IMPORTANCE OF A GOOD VET
One of the most important people in your
breeding programme is the veterinary surgeon, whether it is for natural
covering or artificial insemination.
From the time that you make the decision
to put your mare in foal to the time that she actually gives birth a good
vet will be a constant source of advice and information. A good relationship
with your vet, based on mutual trust and respect is essential.
When deciding on the vet to use in your breeding
programme discuss with them their areas of expertise; if you are really
serious about breeding it pays to make sure that the vet you are using
is up to date with modern reproductive techniques. It may be that you
feel that your regular vet's knowledge of you and your mare is worth more
than anything else and if this is the case then he is the person you should
stick with. If not take his advice as to the best person for the job.
Once you have decided to put your mare in
foal the first step should be to discuss this with your vet and arrange
for a breeding examination to be carried out. This should involve an internal
exam, possibly by ultrasound scan together with a CEM swab to ensure that
your mare is suitable to breed from and has no infections. Assuming that
your vet gives you the all clear now is the time to decide on how you
are going to breed your mare. There are 3 options open to you;
1. You can send your mare away to
stud for natural service
2. You can send your mare away to
stud for artificial insemination
3. You can use chilled or frozen semen
and either keep your mare at home or send her to a veterinary clinic for
monitoring and insemination
If you are planning to use artificial insemination
it may be a good idea to have your vet monitor you mare through her first
cycle. With palpation or ultrasound scan your vet can more accurately
predict when to inseminate the mare. Timing is critical and you need to
be aware of what stage your mare is at in order to optimise the chances
of getting a conception. Knowing how your mare cycles allows you to order
chilled semen so that it arrives at the right time for the insemination
of your mare. If you decide to use frozen semen arrangements can be made
in plenty of time so that the semen is ready and waiting when the mare
is about to ovulate.
In the long run it is cheaper to spend a
little more money on your mares first cycle than to wait until she didn't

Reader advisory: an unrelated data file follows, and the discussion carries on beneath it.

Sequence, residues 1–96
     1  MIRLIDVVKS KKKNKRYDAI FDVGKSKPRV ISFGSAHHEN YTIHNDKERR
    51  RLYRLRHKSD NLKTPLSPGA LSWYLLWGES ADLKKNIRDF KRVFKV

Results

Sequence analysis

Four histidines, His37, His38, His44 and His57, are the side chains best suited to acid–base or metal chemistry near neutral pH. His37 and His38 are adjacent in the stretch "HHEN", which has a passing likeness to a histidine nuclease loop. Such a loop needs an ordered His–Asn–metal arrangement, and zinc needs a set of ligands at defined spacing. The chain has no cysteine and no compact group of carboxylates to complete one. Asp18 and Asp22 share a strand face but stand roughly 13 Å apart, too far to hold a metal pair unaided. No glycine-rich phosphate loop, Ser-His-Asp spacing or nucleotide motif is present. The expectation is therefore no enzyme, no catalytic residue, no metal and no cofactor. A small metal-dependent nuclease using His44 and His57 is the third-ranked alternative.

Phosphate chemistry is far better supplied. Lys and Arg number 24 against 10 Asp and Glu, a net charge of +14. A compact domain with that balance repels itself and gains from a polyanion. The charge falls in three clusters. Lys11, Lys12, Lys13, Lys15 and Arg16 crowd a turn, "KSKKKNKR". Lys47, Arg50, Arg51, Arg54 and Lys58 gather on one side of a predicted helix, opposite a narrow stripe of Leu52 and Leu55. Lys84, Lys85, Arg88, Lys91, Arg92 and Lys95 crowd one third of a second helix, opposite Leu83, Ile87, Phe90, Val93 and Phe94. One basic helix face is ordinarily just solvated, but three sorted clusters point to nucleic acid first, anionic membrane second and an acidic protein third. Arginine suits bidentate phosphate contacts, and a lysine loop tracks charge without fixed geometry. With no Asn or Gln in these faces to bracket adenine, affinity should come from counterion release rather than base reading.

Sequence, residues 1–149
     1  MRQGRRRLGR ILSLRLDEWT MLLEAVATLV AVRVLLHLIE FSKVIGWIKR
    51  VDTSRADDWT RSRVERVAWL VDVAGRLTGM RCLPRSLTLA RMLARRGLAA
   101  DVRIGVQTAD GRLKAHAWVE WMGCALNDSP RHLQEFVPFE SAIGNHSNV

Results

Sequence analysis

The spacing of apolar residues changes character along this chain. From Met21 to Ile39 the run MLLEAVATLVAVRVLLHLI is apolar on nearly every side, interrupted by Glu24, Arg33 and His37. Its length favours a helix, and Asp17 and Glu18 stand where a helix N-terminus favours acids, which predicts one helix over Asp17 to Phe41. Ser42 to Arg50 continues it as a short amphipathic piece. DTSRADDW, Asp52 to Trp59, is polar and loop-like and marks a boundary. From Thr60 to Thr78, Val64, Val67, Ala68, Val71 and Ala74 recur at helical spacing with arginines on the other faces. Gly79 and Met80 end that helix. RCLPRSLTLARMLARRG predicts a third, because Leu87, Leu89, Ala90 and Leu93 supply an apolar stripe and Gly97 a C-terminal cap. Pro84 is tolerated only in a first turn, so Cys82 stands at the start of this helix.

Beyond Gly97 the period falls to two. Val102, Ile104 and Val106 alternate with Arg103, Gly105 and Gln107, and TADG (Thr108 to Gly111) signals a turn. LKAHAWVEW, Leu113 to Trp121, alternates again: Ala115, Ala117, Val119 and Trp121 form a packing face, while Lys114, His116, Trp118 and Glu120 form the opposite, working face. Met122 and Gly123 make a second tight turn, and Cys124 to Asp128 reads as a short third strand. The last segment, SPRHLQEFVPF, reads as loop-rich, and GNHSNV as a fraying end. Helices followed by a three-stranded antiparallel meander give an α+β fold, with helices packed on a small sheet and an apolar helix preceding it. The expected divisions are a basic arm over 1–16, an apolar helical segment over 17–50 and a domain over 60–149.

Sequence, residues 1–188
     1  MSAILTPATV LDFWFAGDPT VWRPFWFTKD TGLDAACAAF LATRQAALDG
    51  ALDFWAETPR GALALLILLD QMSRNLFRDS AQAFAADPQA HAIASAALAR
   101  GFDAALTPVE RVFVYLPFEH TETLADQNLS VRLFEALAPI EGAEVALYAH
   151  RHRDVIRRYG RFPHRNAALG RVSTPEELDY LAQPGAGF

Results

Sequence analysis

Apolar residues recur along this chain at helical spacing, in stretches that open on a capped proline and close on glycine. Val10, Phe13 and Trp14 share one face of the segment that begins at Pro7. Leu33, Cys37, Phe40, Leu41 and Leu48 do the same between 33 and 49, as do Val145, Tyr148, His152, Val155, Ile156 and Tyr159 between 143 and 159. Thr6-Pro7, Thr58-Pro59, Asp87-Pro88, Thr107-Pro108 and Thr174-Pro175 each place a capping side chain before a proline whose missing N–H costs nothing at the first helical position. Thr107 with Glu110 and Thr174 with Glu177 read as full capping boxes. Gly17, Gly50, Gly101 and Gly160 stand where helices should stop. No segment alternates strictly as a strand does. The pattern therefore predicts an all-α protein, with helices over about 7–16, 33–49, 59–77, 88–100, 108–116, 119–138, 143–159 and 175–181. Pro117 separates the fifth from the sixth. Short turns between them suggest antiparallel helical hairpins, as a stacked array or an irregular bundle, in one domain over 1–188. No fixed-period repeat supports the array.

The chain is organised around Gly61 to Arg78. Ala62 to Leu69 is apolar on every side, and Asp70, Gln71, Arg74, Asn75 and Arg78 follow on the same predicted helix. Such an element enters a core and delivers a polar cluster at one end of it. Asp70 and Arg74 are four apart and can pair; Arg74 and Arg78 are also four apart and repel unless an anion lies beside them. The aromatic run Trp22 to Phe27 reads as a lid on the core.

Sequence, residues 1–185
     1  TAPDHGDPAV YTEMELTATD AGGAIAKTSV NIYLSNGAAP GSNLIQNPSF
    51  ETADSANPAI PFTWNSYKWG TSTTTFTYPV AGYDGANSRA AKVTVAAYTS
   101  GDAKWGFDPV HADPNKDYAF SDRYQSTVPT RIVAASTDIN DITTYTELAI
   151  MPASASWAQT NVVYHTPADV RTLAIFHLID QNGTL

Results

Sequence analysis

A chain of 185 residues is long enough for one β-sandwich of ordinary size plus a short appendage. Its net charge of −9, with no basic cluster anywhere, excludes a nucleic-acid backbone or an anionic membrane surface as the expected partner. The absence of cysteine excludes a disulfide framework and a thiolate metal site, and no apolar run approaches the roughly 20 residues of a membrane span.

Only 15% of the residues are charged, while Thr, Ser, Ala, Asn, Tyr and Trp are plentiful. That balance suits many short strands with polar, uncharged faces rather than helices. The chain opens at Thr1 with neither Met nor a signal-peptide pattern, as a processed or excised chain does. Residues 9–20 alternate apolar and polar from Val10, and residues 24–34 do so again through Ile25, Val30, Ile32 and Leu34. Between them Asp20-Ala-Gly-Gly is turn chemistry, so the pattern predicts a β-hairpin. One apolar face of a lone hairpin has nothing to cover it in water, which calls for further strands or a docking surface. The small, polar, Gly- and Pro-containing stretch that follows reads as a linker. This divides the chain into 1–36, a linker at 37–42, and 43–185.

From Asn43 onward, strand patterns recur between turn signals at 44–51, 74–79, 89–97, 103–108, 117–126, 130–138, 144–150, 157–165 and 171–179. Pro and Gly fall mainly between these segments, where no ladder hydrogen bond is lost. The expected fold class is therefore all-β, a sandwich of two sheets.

conceive. By this time you've spent money and time on collection fees,
shipping fees, have nothing to show for it and you've lost a month.
You will need to talk to your vet about pregnancy
checks by ultrasound. A check at 16 days will tell you if your mare has
conceived. This will give you peace of mind if she is, or more time to
prepare for another insemination if she is not. An ultrasound at around
28 days will check to be sure she has not absorbed the fetes. If she has
twinned the situation can be monitored until the 28 day scan at which
point if one twin has not resorbed naturally then your vet can do something
about it. Any later than 28 days and an injection is needed to get rid
of the twins and you then risk your mare not coming back into season.
Recent studies indicate that too many palpations
can lower conception rates. So don't over do it. You may actually be doing
more harm than good.
Whilst your vet is providing you with a service
which you pay for it is reasonable for him to ask for a certain standard
of co-operation from you as the client. When arranging for routine visits
such as pregnancy scans you should give as much notice as possible, if
you can work out a schedule of visits based on insemination or covering
dates so much the better. Always have the mare ready for the vet when
he arrives; make sure that she is clean and tail bandaged. If possible
have her in stable or better still stocks, and make sure that you have
a safe place for the scanner to be positioned. Remember that in order
for the scanner to work you need a source of electricity! Make sure that
you have a supply of warm water available as the vet will wish to clean
both himself and the equipment.
It is important that you let the vet know
if there are likely to be any problems in handling your mare. Your vet's
livelihood is dependent upon his being able to work and an injury sustained
in the course of work can seriously affect this. By developing and maintaining
a good relationship with your vet then if a time comes when you have an
emergency you will know that you can rely on him absolutely.
|This article is kindly
provided by the AI Centre.
For further information please visit
their website -click
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Updated: October 2005.